SEOUL - Like a boyfriend from hell, he stalked her, abused her and criticised her in front of her colleagues.
"I can't live a normal life. Whenever I see a car similar to his, I'd feel so scared and tremble so much," the woman wrote on the South Korean Internet portal Naver, seeking advice from lawyers. "I'm going to report him."
Another woman posted photos of her friend's bruised arms and legs and asked for advice on how her friend could get help.
Yet another woman complained that her live-in boyfriend smashed up things in her house and hurt her every time she tried to break up with him.
"I want to kick him out of my house. I don't want to live like this any more," she wrote.
Such accounts of dating violence are common in deeply patriarchal South Korea, a country which ranks among one of the lowest in the world for gender equality.
Nine out of 10 of women living in Seoul who took part in a survey in 2018 admitted that they had been abused and hurt, either physically or psychologically, by their male partners during dating.
Women used to suffer in silence, fearful of repercussions. But now, emboldened by the global #MeToo movement against sexual harassment, they are starting to speak out.
The number of cases of dating violence rose to 19,940 last year, up from 14,136 in 2017, the National Police Agency (NPA) has said.
About half of the assailants were booked on charges such as assault (7,003 cases), confinement and intimidation (1,067), sexual violence (25) and murder (10). The rest of the cases ended up with either police warnings or were resolved privately.
Superintendent Tak Kwang-o told The Sunday Times that an annual police campaign against dating violence has successfully raised public awareness and encouraged more women to report their abusers.
He said the campaign was first introduced in 2016 to address an emerging social phenomenon of conflicts between lovers, some of which involved celebrities.
Hip-hop singer Iron, for one, was charged for assaulting his girlfriend in 2016. He was eventually sentenced in 2018 to eight months in prison, two years of probation, and 80 hours of community service.
K-pop star Goo Ha-ra, on the other hand, sued her boyfriend for assault and blackmail, for which he received an 18-month jail term last year.
Mr Tak said the police are doing more to raise awareness about dating violence, such as putting up campaign banners at malls, beauty salons, cafes and other places frequented by women, as well as on popular Web portals and social media sites.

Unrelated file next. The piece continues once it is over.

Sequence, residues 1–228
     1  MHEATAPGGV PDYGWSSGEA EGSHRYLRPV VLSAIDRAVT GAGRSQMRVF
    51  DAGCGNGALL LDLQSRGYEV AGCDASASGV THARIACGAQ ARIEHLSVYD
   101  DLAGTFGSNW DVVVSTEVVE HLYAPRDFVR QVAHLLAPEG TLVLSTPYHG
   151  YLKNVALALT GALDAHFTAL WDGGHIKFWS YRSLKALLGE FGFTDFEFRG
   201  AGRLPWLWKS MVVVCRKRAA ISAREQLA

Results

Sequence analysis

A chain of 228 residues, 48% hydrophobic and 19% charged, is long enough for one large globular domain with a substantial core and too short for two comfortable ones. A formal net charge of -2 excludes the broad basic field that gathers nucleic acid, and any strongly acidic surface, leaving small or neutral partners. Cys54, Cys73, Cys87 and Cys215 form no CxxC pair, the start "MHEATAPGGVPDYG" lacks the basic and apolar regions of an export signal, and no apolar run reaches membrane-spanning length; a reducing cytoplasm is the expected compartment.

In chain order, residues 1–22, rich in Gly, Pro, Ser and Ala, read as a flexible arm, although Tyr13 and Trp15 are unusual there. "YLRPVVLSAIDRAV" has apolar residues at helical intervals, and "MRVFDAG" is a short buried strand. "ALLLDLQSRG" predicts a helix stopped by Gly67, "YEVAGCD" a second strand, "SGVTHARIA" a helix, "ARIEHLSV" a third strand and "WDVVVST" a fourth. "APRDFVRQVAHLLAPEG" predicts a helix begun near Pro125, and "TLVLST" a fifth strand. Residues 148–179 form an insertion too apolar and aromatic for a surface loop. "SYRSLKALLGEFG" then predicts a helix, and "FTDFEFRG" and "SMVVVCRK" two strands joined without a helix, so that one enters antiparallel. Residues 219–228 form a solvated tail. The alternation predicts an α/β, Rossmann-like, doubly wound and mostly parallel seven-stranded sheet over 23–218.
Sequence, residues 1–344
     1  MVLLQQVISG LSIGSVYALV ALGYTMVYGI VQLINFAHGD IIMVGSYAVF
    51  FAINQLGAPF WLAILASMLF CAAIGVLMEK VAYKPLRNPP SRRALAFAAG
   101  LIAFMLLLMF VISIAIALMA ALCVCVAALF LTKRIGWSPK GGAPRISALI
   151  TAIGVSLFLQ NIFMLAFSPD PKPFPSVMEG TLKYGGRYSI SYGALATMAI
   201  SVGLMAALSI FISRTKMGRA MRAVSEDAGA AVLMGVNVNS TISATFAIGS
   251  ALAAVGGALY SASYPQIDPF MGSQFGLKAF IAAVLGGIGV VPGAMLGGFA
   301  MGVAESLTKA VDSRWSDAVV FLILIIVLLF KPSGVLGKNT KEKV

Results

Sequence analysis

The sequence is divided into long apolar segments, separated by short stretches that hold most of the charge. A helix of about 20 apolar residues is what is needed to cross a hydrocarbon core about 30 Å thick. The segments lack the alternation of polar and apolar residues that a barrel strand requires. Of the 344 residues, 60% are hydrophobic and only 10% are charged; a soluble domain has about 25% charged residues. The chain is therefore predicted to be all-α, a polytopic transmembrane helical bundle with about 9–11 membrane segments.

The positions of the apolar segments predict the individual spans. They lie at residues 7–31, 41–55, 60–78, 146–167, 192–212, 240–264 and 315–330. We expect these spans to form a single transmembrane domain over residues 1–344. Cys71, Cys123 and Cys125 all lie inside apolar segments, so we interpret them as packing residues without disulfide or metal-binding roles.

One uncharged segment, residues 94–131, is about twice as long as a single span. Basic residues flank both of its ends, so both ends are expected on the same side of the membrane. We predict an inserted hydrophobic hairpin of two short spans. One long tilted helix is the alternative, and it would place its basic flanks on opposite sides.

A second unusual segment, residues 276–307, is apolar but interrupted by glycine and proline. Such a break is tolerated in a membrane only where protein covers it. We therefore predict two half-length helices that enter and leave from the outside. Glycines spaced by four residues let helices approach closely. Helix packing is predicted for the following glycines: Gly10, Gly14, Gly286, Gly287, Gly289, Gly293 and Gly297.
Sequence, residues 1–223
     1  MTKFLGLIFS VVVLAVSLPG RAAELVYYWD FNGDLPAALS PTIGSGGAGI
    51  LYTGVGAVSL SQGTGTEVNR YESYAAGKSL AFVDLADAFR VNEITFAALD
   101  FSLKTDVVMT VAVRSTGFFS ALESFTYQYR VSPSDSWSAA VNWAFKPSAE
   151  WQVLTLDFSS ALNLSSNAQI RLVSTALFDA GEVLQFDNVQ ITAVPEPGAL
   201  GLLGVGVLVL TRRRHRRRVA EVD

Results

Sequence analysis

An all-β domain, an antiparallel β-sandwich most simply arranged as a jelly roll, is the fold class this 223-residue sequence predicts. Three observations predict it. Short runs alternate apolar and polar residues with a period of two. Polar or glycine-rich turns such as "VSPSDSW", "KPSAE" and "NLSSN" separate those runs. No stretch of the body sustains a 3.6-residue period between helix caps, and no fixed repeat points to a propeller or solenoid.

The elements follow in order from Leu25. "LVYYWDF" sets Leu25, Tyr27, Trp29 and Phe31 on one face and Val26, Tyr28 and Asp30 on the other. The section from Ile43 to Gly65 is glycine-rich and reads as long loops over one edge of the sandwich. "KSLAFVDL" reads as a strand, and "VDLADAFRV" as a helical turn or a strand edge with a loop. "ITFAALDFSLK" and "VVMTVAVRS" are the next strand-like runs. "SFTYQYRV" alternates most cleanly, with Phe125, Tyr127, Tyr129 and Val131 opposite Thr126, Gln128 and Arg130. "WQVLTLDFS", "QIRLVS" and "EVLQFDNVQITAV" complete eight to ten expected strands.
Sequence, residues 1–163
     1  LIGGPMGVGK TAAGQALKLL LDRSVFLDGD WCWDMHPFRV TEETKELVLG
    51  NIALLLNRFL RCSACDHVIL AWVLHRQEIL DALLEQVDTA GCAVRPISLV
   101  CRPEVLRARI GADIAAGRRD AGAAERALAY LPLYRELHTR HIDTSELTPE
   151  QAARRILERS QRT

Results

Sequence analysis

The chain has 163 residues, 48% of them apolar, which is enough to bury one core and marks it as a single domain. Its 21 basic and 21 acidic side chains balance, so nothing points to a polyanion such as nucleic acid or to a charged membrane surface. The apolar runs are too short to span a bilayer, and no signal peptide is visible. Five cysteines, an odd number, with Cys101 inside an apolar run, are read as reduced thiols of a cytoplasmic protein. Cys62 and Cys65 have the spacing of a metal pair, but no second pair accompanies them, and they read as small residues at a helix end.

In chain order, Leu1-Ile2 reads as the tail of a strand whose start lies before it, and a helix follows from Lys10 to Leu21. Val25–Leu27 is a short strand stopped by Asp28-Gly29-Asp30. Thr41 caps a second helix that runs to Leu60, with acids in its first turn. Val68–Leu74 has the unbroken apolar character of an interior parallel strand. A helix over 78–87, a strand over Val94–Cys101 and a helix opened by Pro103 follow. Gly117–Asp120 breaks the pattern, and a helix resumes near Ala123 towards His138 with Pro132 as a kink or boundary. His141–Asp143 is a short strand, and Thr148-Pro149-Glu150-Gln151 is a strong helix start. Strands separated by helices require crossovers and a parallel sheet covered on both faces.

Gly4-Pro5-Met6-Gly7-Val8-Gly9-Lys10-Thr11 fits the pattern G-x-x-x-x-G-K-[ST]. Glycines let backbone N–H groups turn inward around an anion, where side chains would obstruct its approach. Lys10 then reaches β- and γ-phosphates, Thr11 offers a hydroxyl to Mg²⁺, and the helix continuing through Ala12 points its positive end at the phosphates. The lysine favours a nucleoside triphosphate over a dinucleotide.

Workshops are also conducted within the police force to teach officers on how to crack down on such abuse and protect victims, although these have gone online this year due to concerns over the Covid-19 pandemic.
The campaign designates July and August as an "intensive reporting period".
Mr Tak explained that the two summer months draw about 30 per cent more reports than other times of the year, as couples engage in more outdoor activities and go on vacation together, leading to more possible conflicts that can trigger abusive behaviour.
The higher temperatures can also cause tempers to flare more easily and lower one's ability for self restraint, he added.
"We are focusing on reporting because it can raise awareness and make people realise it is a crime and not a personal problem. It also plays a role in preventing more serious crime that can arise from dating violence," he said.
Experts said dating violence is a relatively new phenomenon in South Korea, and there are no specific laws targeting it yet. Anti-stalking Bills have been stuck in the male-dominated Parliament for years, and activists have been calling for more to be done to protect women.
Ms Kim Da-seul from the Korea Women's Hotline said 17.6 per cent of the roughly 2,000 calls it received last year were about abusive dating relationships.
The term "dating violence" did not exist when the hotline was founded in 1983, she added. Violence against women arising from intimate relationships started gaining attention in the 1990s, but it was only in the past few years that people rallied against dating violence.
Ms Kim said the hotline service would provide counselling and emotional support to callers, as well as information about social assistance, and recommend legal advice if needed.
"Sometimes it is hard to understand what is dating violence because it can be perceived as a mere fight between two lovers," she told The Sunday Times.
"Most victims have already tried their best to resolve the problem but realise there is no way out. That's why they call for counselling, because they need external help. We will assure them that the situation is not their fault, and that it's not because of what they did or did not do."
Lawyers would advise victims to gather hard evidence against their assailants, such as abusive text messages, medical reports and closed-circuit television footage, before they make a report.
Supt Tak said police would issue written warnings to the assailants as a form of deterrence, as well as keep a record of abusive behaviour.
"The warning is an effective way to raise awareness and makes the victim feel like you are not alone, the government is behind you."
Additional reporting by Jane Lee.